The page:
What should I do if I can't pay my bills?

The best thing to do is to communicate with the companies or people that you have outstanding debts/bills to. Many of them have solutions in place to support Customers that fall on difficult times financially, and it is in their best interests to work with you. These might include extending repayment periods or increasing instalments to make up missed payments. The above assumes that you have re-visited your budget.

If you can still not manage your bills, you might be able to consolidate debt into more favourable terms, clearing many people you owe money too down to one that suits your circumstances. Mortgage top ups, are better than short term solutions as interest is significantly lower so you can pay it off faster. You may also choose to take KiwiSaver Contribution Holiday and put those funds into bills. As a last resort you could seek a Financial Hardship Withdrawal from your KiwiSaver.

Outside of that, being proactive about trying to generate more income can be an option. What do you have that you don’t need that you can sell? Can you pick up a few more hours at work? Once again, an Adviser can support you here.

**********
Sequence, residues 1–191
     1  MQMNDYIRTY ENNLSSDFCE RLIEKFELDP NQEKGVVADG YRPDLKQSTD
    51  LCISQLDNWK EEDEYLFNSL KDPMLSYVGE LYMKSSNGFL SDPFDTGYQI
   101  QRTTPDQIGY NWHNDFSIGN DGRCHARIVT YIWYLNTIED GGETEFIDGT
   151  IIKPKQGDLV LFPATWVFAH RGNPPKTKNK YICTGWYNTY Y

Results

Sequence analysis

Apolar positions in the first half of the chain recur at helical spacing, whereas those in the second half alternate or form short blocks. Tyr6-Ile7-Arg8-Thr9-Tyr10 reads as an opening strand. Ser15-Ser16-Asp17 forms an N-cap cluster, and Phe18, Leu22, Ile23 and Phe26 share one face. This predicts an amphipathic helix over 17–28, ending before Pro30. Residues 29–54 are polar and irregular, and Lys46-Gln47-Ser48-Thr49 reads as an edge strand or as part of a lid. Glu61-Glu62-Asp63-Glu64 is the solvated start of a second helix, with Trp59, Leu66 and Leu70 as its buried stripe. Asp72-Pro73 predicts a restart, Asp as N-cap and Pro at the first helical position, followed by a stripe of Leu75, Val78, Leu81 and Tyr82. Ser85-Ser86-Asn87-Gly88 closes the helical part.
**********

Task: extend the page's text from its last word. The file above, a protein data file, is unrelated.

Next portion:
Can I pause my insurance bill?

An insurance premium holiday means that you won't have to pay premiums for a period of time, but you won't be covered during that time either, which most likely is not ideal. There are further risks associated with this approach, so we are very hesitant to recommend it. Such a move could end up much more debilitating than the short-term saving and is rarely the best move. However, in some extreme circumstances it may be the necessary option. Start by calling us, and we'll help you find the best solution.

When will I have enough to retire?

We all have different timeframes and reasons for retiring. Often 65 is the accepted age as this is when we all become eligible for National Superannuation. However, more and more of us do not retire at age 65. Some have dreams and bucket lists to tick off and retire much earlier while others of us are now working much longer. There are a variety of reasons including needing or enjoying extra income, the mental stimulation of the work, the comradeship of belonging to an organisation or maybe your partner still works and you would prefer to carry on working rather than doing things without your partner. Some of us have physical jobs and our bodies just can’t keep going.

When we work with clients on retirement planning, we start by helping you to work out what is important to you and what is achievable. Remember, you can have anything you want, you just can’t have everything you want. From these discussions we can recommend an appropriate investment structure that should enable you to achieve your goals. This will include considerations such as; what income you would like to enjoy through retirement, are you a keen traveller, do you want to leave funds for grandchildren, can you unlock some equity by moving to a smaller home or do you have other financial goals? It all starts with a conversation.